by Samuel Sukhnandan
Although promising to reverse over 200 tax measures with immediate effect upon assuming office, the new People’s Progressive Party (PPP) government said this cannot be implemented in full measure right now due to several budget constraints.
Vice President Mr. Bharrat Jagdeo made that disclosure on Friday during a press conference, when he was asked by News Talk Radio 103.1 FM/ Demerara Waves Online News whether the government would act on that promise it made during the 2020 election campaign.
“We have to asses the revenue and we intend to keep our promises. Some will be done at budget time. Whether we want to keep every single one of them..but we have to look at the timing of it. Remember a lot of this (promise) was made when the economy was booming,” Mr. Jagdeo explained.
While Opposition Leader, Mr. Jagdeo had promised to reverse taxes imposed by the coalition administration— such as those related to building materials, data, and exports. Mr. Jagdeo had also advocated for the removal of Value-Added Tax (VAT) on key areas such as electricity, water and healthcare, among other things.
Asked to state which specific tax measures will be on the list to reversed during the budget, Mr. Jagdeo related to the press that it will have to be a policy discussion first and that decision will be primarily dependent on costing the measures and seeing which one can go first.
“This is depending on the targeted size of the fiscal deficit, so it doesn’t become inflationary or put too much strain on the BOP (balance of payment) through the exchange rate mechanisms…and then look at what fiscal space you have and how those measures fit in the fiscal space.”
Mr. Jagdeo, a former finance minister, explained that it will be especially difficult to reverse all the taxes at once, especially given that the new government is faced with a “big roll over expense capital,” which according to him, will diminish the government’s ability to do many things because of these past policies.
According to Mr. Jagdeo, the previous APNU+AFC coalition government went on what he described as an alleged “corrupt spending spree,” where it awarded millions of dollars in contracts, with some $21.7 billion being rolled over from last year into this new budget being put together. In addition to this, the previous government carried up a large overdraft at the Bank of Guyana. “So we are starting with that which was already spent or catered for reduces in allowance. We also have roll over projects and a loan…” he added.
The Moscow-trained economist therefore cautioned that it would require a lot of work to “resume positive growth and these are the sectors of the economy that have the greater linkages, a number of measures. We have to stop the decline and reverse it.”
The Vice President, nevertheless, revealed that the government intends to keep its commitment to the sugar workers to reopen the estates, hence why a full assessment of the sugar industry is currently being undertaken. He also promised to fulfill other promises made with regards to the forestry and mining sectors. “…because these are promises and polices that will put people back to work and will be good for the economy,” he added.
Guyana has been without a 2020 budget due to the national elections in March and the ensuing political impasse that followed. As such, Mr. Jagdeo said government has undertaken the task to complete one in three weeks. While it takes 179 days traditionally to prepare a budget from the time the circular is issued to the presentation of that financial plan in Parliament, given the urgent need for one, the government has directed that one be completed in 21 days instead.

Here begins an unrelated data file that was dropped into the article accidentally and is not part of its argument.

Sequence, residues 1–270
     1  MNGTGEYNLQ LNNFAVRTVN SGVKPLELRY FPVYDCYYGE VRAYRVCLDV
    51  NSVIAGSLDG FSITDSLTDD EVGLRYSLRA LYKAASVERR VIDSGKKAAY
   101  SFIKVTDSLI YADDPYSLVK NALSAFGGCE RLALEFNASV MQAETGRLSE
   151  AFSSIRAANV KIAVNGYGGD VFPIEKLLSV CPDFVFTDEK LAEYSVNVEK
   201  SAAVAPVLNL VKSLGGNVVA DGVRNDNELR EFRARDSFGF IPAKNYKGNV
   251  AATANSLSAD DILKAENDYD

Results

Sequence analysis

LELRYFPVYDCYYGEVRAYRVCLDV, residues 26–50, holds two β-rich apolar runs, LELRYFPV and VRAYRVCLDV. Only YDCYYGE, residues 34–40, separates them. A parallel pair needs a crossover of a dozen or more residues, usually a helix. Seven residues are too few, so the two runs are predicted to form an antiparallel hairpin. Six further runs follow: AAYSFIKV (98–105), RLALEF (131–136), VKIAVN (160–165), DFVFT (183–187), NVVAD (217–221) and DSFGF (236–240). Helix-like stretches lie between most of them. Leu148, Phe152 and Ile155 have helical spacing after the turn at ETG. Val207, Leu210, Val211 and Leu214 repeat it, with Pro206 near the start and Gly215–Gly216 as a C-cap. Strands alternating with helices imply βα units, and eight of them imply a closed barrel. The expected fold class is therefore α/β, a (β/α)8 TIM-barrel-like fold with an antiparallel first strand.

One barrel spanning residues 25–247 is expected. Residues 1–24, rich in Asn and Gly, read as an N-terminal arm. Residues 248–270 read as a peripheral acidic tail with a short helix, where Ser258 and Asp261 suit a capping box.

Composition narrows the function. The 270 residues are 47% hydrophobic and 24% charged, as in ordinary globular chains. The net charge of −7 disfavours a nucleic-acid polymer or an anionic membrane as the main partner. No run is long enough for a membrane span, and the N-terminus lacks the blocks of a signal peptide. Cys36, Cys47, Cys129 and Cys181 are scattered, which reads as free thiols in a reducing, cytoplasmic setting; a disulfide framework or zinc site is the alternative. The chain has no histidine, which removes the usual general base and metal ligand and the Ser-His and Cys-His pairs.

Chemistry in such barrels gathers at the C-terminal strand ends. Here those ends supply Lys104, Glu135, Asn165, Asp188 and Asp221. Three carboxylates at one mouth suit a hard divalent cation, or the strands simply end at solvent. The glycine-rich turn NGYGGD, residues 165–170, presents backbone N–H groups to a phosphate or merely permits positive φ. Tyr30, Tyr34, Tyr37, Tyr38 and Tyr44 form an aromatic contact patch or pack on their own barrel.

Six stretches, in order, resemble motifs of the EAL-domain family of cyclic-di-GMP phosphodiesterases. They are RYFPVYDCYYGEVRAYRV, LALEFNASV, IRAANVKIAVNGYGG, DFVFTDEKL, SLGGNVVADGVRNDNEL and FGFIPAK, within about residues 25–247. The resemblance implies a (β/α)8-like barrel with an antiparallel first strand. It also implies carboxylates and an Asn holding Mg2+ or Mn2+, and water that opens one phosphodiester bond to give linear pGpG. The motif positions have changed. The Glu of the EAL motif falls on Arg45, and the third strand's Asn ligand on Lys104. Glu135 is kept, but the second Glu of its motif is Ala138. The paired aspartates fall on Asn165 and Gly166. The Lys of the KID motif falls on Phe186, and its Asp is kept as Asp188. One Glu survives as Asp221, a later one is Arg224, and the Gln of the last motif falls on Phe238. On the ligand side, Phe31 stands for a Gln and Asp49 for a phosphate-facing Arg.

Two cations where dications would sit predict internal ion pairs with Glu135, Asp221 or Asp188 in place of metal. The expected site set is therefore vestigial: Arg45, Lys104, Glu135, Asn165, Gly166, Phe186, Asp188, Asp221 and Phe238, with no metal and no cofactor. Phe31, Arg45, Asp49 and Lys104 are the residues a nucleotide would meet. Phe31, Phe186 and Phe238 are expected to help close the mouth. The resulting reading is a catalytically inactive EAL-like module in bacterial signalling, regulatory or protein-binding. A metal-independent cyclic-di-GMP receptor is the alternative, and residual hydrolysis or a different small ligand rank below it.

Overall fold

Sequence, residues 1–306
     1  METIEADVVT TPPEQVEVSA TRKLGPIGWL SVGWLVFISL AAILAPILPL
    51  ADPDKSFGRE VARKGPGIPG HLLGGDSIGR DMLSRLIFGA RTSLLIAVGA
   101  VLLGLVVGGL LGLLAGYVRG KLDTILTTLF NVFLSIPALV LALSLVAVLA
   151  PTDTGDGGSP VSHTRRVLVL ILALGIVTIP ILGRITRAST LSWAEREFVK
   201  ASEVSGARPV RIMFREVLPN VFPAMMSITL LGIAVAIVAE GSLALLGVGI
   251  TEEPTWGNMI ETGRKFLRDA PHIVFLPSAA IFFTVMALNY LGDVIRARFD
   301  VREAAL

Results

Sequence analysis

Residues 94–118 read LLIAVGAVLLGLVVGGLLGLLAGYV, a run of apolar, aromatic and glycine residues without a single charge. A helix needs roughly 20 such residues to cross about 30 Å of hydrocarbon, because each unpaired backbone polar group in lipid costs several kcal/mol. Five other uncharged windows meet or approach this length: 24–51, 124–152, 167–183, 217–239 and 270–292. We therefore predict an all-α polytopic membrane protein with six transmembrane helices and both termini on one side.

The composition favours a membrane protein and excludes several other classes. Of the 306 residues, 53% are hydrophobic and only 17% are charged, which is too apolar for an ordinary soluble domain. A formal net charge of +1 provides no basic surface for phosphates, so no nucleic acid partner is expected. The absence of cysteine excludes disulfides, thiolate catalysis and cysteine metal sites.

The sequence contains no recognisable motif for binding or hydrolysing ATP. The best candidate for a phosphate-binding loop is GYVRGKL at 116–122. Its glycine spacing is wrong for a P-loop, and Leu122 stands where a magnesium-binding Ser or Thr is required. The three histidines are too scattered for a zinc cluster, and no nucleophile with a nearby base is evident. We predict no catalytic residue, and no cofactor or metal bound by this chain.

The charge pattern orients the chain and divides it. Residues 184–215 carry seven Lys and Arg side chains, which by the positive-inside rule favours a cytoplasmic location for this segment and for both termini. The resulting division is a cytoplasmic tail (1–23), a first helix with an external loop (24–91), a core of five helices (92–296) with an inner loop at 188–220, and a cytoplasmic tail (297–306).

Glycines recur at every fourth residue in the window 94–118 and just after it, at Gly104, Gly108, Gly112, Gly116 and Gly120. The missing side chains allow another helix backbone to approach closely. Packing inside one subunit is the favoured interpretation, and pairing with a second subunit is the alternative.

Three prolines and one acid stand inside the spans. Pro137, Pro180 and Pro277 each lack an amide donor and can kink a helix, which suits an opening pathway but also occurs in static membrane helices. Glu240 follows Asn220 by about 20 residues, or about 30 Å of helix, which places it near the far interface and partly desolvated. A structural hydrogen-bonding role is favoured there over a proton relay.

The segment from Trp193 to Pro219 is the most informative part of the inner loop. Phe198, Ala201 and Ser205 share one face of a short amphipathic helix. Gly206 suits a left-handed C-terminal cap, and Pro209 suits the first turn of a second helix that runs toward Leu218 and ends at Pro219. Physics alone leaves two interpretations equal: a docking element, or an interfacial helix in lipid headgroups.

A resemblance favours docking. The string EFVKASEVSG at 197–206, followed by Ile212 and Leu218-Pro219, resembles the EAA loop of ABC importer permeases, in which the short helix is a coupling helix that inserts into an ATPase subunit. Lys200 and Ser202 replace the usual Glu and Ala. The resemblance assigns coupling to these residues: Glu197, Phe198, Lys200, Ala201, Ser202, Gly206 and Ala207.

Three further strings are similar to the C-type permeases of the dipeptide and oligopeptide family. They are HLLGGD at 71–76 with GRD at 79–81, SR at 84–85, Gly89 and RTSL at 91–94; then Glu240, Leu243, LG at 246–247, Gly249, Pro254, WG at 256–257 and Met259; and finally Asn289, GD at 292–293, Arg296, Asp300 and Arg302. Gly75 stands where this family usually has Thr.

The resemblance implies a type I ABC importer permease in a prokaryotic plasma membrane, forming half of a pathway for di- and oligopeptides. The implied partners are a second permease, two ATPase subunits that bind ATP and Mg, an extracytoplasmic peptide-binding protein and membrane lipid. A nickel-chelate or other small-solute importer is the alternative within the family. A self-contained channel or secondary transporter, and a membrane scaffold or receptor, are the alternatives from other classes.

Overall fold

“The reason why this is so, is because the help that people need in many of the sectors cant be made available to them, and to reboot the economy unless we have an early budget. So, we will have to work overtime to get the budget ready, in another three weeks,” the Vice President explained.
But in doing so, Mr. Jagdeo revealed that the government is faced with some challenges particularly as it relates to reverting back to the old structure of governance with ministries and its responsibilities being reshuffled. This is mainly aimed at ensuring the smooth disbursement of resources to the various keys sectors of the economy.
However, the new government said it found that the Guyanese economy shrunk by 49.5 percent, taking out the oil sector shrunk in the first half of the year.
With retail and wholesale trade down by 14 percent, transportation down by 33 percent, a 42 percent decline in bauxite earnings and 57 percent in other mining, he said “all of the sectors were in significant decline.”
Vice President Jagdeo said the 2020 budget would have to take into account the GYD$116 billion disbursed and GYD$135 billion spent so far compared to GYD$111 billion in earnings. In terms of the COVID-19 response by the previous administration, he said GYD$1.134 billion was disbursed to the Ministry of Public Health and GYD$150 million to the regions. He also alluded to an GYD$84 billion overdraft at the Bank of Guyana and the issuance of GYD$70 billion in Treasury Bills. “These are the things that are hamstringing us from passing a budget with room to provide help,” he said.
He said most of the big agencies would require help from central government. Among them, he said, was the Guyana Gold Board with a GYD$4 billion deficit at the Central Bank. He questioned how the David Granger-led administration had released GYD$10.7 billion to the Guyana Power and Light in the absence of the National Budget.
Mr. Jagdeo said such roll-over expenses would “diminish our ability to do somethings because you have to pay for past policies.”
Public corporations have been given up to next Wednesday to submit their budgets and ministries up to Wednesday, as government moves to fast track the preparation and presentation of the budget from 179 days to 21 days.